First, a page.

Outsourced government workers strike over pay

Outsourced staff at the Department for Business, Energy and Industrial Strategy are striking over pay and other issues.
Kirsty O'Connor/PA Archive/PA Images

Outsourced workers at two government departments are striking over low pay and changes to pay cycles which a union has claimed has left many struggling to make ends meet.

Staff working on cleaning, kitchen and security contracts for Amarak and ISS at the Department for Business, Energy and Industrial Strategy (BEIS) began their four-day strike yesterday (21 May). Meanwhile facilities management, messengers, print room, porterage and cleaning staff employed by Interserve at the Foreign and Commonwealth Office (FCO) took part in their latest two-day strike.

It is the second strike by Interserve staff at the FCO, who are taking action over the company’s refusal to negotiate with staff over redundancies and contractual changes to pay dates. Another strike was held earlier this month.

The Public and Commercial Services (PCS) union said the changes have left Interserve staff out of pocket and struggling to make ends meet. Staff have also allegedly seen their holiday pay and sick pay entitlements reduced, but this has been refuted by Interserve.

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PCS general secretary Mark Serwotka said: “Workers at the Foreign and Commonwealth Office are striking because they will not stand by while a failing company like Interserve attacks their terms and conditions and at the same time, refuses to negotiate with their union.

“The whole debacle shows that Interserve should never have been awarded the contract at the Foreign and Commonwealth Office.”

An Interserve spokesperson said that there had been a very small number of redundancies, but overall it had hired more staff to work on the FCO contract.

“Interserve successfully secured the FCO facilities management contract last year. This provided a revised operating structure to bring improved local delivery for the services and an overall increase in job numbers,” the spokesperson said.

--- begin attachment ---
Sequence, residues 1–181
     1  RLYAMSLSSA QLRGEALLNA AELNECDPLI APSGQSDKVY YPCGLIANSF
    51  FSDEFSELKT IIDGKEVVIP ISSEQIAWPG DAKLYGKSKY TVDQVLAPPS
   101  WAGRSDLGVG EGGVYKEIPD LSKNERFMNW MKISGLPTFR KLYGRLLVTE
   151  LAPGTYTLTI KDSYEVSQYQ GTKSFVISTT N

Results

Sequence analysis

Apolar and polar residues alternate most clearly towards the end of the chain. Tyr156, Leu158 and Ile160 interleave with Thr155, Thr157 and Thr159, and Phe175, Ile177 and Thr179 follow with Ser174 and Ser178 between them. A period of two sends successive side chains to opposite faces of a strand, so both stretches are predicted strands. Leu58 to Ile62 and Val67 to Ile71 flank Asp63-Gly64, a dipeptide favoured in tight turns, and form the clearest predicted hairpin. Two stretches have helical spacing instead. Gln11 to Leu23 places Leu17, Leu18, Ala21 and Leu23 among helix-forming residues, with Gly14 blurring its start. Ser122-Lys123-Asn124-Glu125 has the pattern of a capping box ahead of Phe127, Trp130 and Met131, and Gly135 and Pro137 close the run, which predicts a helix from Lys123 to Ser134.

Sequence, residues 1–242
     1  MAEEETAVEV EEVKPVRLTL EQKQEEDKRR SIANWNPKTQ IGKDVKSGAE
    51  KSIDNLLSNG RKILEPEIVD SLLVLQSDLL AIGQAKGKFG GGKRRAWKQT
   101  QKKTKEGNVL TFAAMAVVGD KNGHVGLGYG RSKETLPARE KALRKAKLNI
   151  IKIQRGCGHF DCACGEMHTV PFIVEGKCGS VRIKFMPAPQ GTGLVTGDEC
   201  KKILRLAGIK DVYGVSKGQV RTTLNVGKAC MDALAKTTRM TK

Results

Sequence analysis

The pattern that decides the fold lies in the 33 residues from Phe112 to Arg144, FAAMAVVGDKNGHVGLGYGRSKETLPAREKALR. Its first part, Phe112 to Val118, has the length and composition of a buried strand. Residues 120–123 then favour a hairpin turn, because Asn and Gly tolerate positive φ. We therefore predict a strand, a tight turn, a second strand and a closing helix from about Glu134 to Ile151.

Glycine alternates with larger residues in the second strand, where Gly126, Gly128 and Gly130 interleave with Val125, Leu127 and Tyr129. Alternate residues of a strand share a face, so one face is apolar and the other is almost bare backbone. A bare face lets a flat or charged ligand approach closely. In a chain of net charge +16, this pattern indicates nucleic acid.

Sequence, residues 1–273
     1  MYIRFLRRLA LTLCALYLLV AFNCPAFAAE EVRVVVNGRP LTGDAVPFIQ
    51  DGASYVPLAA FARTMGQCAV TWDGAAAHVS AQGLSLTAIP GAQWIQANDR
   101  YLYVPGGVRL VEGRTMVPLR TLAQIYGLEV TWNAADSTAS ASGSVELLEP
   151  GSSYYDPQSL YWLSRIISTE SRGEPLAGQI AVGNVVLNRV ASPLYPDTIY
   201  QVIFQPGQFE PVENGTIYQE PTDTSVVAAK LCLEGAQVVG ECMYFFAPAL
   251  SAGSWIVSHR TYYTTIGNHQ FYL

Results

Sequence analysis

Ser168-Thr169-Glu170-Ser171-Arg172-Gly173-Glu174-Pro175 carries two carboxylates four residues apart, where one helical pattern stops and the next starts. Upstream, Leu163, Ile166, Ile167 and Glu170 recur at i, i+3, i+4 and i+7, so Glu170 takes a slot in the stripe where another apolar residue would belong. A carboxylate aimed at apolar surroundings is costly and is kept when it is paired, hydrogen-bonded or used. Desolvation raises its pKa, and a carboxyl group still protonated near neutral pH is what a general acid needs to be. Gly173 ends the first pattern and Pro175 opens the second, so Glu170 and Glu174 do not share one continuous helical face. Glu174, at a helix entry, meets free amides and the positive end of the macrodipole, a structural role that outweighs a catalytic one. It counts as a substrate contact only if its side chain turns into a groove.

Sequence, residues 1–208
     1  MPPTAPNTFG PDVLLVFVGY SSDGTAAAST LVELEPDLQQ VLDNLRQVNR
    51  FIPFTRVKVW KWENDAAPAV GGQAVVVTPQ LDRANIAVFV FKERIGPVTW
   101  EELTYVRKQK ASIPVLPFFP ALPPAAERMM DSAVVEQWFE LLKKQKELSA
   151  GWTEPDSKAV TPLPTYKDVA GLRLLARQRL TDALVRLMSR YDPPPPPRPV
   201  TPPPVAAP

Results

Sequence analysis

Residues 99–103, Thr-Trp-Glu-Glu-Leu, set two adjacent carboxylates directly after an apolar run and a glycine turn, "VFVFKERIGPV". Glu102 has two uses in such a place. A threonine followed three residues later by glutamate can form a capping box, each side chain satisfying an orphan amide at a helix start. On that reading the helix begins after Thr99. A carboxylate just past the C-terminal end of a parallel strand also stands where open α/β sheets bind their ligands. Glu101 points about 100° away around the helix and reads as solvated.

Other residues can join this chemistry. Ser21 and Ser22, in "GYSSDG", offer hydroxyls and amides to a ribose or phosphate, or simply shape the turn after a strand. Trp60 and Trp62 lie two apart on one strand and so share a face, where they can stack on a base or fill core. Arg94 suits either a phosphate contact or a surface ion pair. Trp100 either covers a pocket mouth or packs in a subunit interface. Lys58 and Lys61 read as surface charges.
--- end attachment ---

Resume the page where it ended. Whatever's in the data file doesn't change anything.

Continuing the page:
“Beyond a change to the monthly payment date, there are no plans to make any further changes to our terms and conditions of employment, including any change in the way the company pays for overtime and sick pay. The change in payment dates followed a thorough consultation process and Interserve has taken action to support staff throughout the transition period.”

Aramark and ISS staff

Meanwhile, staff employed by Aramark and ISS on the BEIS contract are demanding the London Living Wage of £10.55 per hour. The industrial action followed another strike by outsourced staff at BEIS and the Ministry of Justice, also over pay, earlier this year.

ISS workers are also seeking clarity over when they will be paid, after the union claimed changes to their pay cycle as a result of being transferred to ISS from another contractor left many without pay. A payroll upgrade meant some staff lost out on a week’s pay, which will be paid to them when they leave the company.

The PCS claimed some workers at BEIS had set up a food bank for ISS staff who were struggling to make ends meet.

An ISS spokesperson said: “ISS recognises the right of union members to take industrial action. We stay in constant communication with employees and the department to address any concerns.

“On the issue of recent errors, there were some problems when employees were transferred to us from their previous employer in March. We have resolved all issues we are aware of, and have ensured that problems identified are resolved and monies processed on the same day they are raised. Support has included a dedicated helpline and face-to-face meetings.”

Amarak had not commented at the time of publication.

The PCS called for outsourced work at government departments to be brought back in-house as soon as possible.

The strikes follow similar action taken by outsourced workers at the University of London last year, who claimed they were offered worse sick pay, holiday pay, maternity and pension arrangements than staff directly employed by the university.

The Independent Workers Union of Great Britain, which organised the University of London strike, sought to establish collective bargaining rights for outsourced workers with the organisation they work at. However, its case was dismissed by the High Court in March.

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